PoiNtEr->: DanGling PointErs

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Monday, January 17, 2011

DanGling PointErs

Dangling pointers and wild pointers in computer programming are pointers that do not point to a valid object of the appropriate type.

Dangling pointers arise when an object is deleted or deallocated, without modifying the value of the pointer, so that the pointer still points to the memory location of the deallocated memory. As the system may reallocate the previously freed memory to another process, if the original program then dereferences the (now) dangling pointer, unpredictable behavior may result, as the memory may now contain completely different data. This is especially the case if the program writes data to memory pointed by a dangling pointer, a silent corruption of unrelated data may result, leading to subtle bugs that can be extremely difficult to find, or cause segmentation faults (*NIX) or general protection faults (Windows). If the overwritten data is bookkeeping data used by the system's memory allocator, the corruption can cause system instabilities.

Wild pointers arise when a pointer is used prior to initialization to some known state, which is possible in some programming languages. They show the same erratic behavior as dangling pointers, though they are less likely to stay undetected

Cause of Dangling Pointer

In many languages (e.g., the C programming language) deleting an object from memory explicitly or by destroying the stack frame on return does not alter associated pointers. The pointer still points to the same location in memory even though the reference has since been deleted and may now be used for other purposes.

A straightforward example is shown below:


char *dp = NULL;

/* ... */


char c;

dp = &c;

} /* c falls out of scope */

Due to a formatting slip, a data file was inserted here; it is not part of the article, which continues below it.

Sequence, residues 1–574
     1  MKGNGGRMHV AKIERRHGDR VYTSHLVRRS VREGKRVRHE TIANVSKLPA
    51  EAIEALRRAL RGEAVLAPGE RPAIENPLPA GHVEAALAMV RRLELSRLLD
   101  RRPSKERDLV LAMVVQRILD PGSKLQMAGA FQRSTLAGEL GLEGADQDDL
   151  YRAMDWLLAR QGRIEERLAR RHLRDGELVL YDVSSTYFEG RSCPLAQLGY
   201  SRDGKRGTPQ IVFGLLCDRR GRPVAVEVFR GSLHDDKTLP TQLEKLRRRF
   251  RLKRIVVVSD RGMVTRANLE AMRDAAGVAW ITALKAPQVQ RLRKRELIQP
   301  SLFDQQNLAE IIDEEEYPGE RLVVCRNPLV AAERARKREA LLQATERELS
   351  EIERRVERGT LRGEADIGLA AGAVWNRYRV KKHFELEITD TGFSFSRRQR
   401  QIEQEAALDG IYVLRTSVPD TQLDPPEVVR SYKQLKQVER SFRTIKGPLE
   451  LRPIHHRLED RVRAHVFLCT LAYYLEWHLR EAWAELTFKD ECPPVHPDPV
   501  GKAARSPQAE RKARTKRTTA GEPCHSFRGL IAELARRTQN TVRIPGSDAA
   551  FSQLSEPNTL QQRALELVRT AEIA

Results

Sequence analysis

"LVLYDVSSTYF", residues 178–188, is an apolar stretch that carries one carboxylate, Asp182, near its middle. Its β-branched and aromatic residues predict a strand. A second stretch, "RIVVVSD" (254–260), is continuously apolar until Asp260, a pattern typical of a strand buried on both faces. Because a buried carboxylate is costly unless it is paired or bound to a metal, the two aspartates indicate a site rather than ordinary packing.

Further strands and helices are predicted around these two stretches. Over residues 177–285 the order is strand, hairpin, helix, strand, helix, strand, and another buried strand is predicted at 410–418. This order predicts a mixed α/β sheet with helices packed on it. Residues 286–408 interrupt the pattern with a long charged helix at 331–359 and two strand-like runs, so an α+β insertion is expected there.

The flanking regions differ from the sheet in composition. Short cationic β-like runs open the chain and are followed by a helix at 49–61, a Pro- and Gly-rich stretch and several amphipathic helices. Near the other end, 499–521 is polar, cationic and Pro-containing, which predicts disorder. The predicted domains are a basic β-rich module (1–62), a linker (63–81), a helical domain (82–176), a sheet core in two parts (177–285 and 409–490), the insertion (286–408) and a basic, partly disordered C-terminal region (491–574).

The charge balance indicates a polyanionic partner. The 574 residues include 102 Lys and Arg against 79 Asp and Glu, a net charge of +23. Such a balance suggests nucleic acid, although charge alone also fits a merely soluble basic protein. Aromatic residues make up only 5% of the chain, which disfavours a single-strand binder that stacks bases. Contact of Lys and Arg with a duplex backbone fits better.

/* dp is now a dangling pointer */


If the operating system is able to detect run-time references to null pointers, a solution to the above is to assign 0 (null) to dp immediately before the inner block is exited. Another solution would be to somehow guarantee dp is not used again without further initialization.

Another frequent source of dangling pointers is a jumbled combination of malloc() and free() library calls: a pointer becomes dangling when the block of memory it points to is freed. As with the previous example one way to avoid this is to make sure to reset the pointer to null after freeing its reference—as demonstrated below.

#include <stdlib.h>

void func()


char *dp = malloc(A_CONST);

/* ... */

free(dp); /* dp now becomes a dangling pointer */

dp = NULL; /* dp is no longer dangling */

/* ... */


An all too common misstep is returning addresses of a stack-allocated local variable: once a called function returns, the space for these variables gets deallocated and technically they have "garbage values".

int *func(void)


int num = 1234;

/* ... */

return &num;


Attempts to read from the pointer may still return the correct value (1234) for a while after calling func, but any functions called thereafter will overwrite the stack storage allocated for num with other values and the pointer would no longer work correctly. If a pointer to num must be returned, num must have scope beyond the function—it might be declared as static.

Cause of wild pointers

Wild pointers are created by omitting necessary initialization prior to first use. Thus, strictly speaking, every pointer in programming languages which do not enforce initialization begins as a wild pointer.

This most often occurs due to jumping over the initialization, not by omitting it. Most compilers are able to warn about this.

int f(int i)


char *dp; /* dp is a wild pointer */

static char *scp; /* scp is not a wild pointer:

* static variables are initialized to 0

* at start and retain their values from

* the last call afterwards.

* Using this feature may be considered bad

* style if not commented */


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